The key to a polished performance is preparation. Here are a few tips to help.

Structure & Content: 

No matter what speech or presentation you are making, structure is one of the fundamentals of a good speech. It might sound obvious but every speech should have an opening, body and a conclusion. We have all heard the rambling, unstructured, and endlessly boring speech.  You don’t want your speech to be one of those.

Opening: Aim for a good opening perhaps by using some self-deprecating humour.

Body: In the body of the speech talk about what positive knowledge and skills you have gained from working in the company.

Thanking people: Thank your team leader or supervisor, your team colleagues and other colleagues that have helped you. If you are naming individuals jot down the names so as not to mistakenly leave anyone off the list.

Conclusion: Wish everyone the best for the future and sum up what you enjoyed about the place with a general thank you to everyone on sign off.

Quantity: A long speech will lose people. A rule of thumb is that a 5 minute speech should be about 600 words.

Humour: Using humour can be fraught with danger. Self – deprecating humour or remembering funning incidences is fine but do not use humour to put someone down as this doesn’t just affect the person it is aimed at but you will lose the goodwill of your audience.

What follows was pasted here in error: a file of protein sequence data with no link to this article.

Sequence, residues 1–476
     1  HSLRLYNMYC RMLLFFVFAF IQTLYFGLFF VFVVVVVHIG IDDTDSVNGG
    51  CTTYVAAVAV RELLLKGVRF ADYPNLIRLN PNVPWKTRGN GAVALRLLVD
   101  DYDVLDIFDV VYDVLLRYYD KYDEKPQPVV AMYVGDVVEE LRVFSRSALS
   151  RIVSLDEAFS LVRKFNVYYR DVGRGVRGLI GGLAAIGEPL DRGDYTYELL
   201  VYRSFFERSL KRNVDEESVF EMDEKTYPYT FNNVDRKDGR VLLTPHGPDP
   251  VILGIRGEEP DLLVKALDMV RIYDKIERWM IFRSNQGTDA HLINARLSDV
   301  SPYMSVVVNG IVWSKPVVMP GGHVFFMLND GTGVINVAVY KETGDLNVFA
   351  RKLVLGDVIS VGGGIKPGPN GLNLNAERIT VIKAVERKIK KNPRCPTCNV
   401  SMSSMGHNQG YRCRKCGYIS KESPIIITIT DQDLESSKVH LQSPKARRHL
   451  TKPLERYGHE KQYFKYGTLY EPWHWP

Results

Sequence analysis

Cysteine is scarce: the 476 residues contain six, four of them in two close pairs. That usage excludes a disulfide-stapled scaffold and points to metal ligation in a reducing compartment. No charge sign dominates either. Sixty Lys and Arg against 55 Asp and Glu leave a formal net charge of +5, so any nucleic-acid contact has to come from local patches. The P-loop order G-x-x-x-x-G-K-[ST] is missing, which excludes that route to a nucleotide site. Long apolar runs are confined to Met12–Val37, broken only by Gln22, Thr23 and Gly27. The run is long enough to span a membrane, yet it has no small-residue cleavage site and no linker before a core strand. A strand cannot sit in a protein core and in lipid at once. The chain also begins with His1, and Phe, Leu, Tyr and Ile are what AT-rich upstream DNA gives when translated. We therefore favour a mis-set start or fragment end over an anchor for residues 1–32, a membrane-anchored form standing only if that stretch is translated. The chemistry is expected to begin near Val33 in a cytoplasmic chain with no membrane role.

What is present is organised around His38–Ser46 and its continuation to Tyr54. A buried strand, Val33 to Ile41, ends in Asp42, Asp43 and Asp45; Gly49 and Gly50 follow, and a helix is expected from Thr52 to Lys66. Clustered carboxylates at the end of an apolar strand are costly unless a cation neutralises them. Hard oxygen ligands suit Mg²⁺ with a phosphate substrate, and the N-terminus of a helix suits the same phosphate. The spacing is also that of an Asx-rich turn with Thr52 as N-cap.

Language: Mind your language. If you wouldn’t use a word in front of your Granny then it has no place in your speech. The words you use are a reflection of you.

A lasting impression: Make your final performance a lasting professional and positive image of you.

 

Delivery: 

  • Nerves: In my opinion, most people fear public speaking because they remember back to their childhood where friends or class mates laughed at them when they made a mistake reading something aloud in class. They remember how that made them feel. You are an adult and your audience are adults and they want you to succeed. If you make a mistake pause, gather your thoughts and resume.

The best way to tackle those nerves is:

– Good preparation. Write your speech in full and in a print that you can read easily.

– Good rehearsal. Rehearse 1 hour for every 100 words in your speech. It may sound a lot but it is worth it.

– Pause. Do not rush through your speech. Take your time and pause.

– If you feel confident enough not to carry the full script of your speech, write bullet points on numbered index cards as they are easier to manage than an A4 page that has been crumpled in your pocket for hours. Project your voice. You need to be heard. Practice in front of a full length mirror at home.

Best of luck with your speech. You’ll be great.

 

Dermot Carey DTM, is a Past President of Dublin Toastmasters Club and a Dublin Toastmaster for 15 years.

You can find more information on his MC service for Corporate Events and Weddings at www.DermotCareyMC.ie 

  • Facebook
  • Twitter
  • Google+
  • Linkedin
  • Pinterest
  • stumbleupon

Leave a Comment

Your email address will not be published. Required fields are marked *